Any French Spanish or German speakers......(-;

Discussion in 'Motorhome Chat' started by buttons, Apr 22, 2016.

  1. buttons

    buttons Funster

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    If I am speaking to a stranger in English I can understand a lot about them within a few sentences. What part of the country they are from, their level of education etc etc. My question is do you get the same feedback in other languages, are there as many regional accents in France for instance. Can you hear how they were educated and more importantly will your regional accent carry over into your French for example and will they hear and recognise this in conversation.
    just wondered.........:)
     
  2. old-mo

    old-mo Funster Extra Special Life Member

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    Nine.......... :giggler:
     
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  3. jumartoo

    jumartoo Funster

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    In Spain there are regional accents. Murciano is the one that is laughed at by the rest of Spain apparently and guess what we have to learn/understand?

    Andaluz is also difficult to understand.

    The best accent in Spain is from the area around Valladolid.

    When we were on the Via de la Plata we had arrived in Galicia and Martin asked a local if there was a cafe in the village. He looked at Martin and said "Ah you're from Madrid"! Possibly down to the fact that Gallego is their first language not down to Martin having a " Kings Spanish" accent :LOL:.
     
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  4. Mattyjwr

    Mattyjwr Funster Life Member

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    Each of these languages have regional accents which can be heard as we hear variations in English. Spanish originated in Northern Spain and I've heard different opinions as to whether that region's Spanish is purer than that from Madrid. Spanish spoken in Andalusia is sometimes regarded as lazy Spanish as it tends to leave off the last sounded letters of some words, including the letter s eg. Buenos dia instead of dias and gracia instead of gracias.

    National variations occur in the same way English differs between the UK, Australia, USA etc. including the variation in the word for "I" which is pronounced "Jo", "Sho" and "Yo" (all with short sounded "o" as in octopus) in different countries. In addition, colloquialisms can get you into trouble; the word "joder" can mean something like dam (as in a little exasperation) through to f*ckerty f*ckerty f*cking f*ck! which will offend most who hear it according to where it is said between Spain and parts of S America.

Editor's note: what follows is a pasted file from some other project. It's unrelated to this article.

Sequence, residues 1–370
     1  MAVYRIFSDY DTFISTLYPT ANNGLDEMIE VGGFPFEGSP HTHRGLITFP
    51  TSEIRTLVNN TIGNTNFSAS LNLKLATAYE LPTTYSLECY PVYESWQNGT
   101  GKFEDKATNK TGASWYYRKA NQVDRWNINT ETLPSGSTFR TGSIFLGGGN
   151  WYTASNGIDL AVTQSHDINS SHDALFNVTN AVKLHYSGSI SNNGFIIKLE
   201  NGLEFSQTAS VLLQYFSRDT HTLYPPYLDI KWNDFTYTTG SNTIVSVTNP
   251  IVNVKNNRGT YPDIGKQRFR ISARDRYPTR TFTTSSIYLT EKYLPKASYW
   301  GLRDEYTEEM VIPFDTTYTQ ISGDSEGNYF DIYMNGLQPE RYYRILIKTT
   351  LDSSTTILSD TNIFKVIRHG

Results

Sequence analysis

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  5. injebreck99

    injebreck99 Funster

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    Then there's Norfolk me ole Bewty...................!
     
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  6. Hollyberry

    Hollyberry Funster

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    Definitely regional accents in France. Get far down into the Pyreneees and you can what sounds like a cross between French and Spanish.
    In Dordogne there is an accent that's often described as like Cornish or Norfolk accents. Can make understanding locals fairly difficult, even for fluent French speakers.
    Friend in France had a very, very broad Lancashire accent and the French couldn't understand what she was asking for in shops.
     
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  7. maison

    maison Funster

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    Agree with @Hollyberry .
    The regional accent in Burgundy is so distinctive that we can recognise it anywhere.

    We have surprised several French natives on caravan sites when we ask them if they are from Bourgogne. They find it difficult to understand that some-one who is English, firstly attempts to speak French and secondly, can identify their accents.

    Unfortunately, as I am ex-Cumbrian with a pronounced northern accent in English I, apparently, sound like a German or Dutchman when I use French!
     
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  8. gus-lopez

    gus-lopez Funster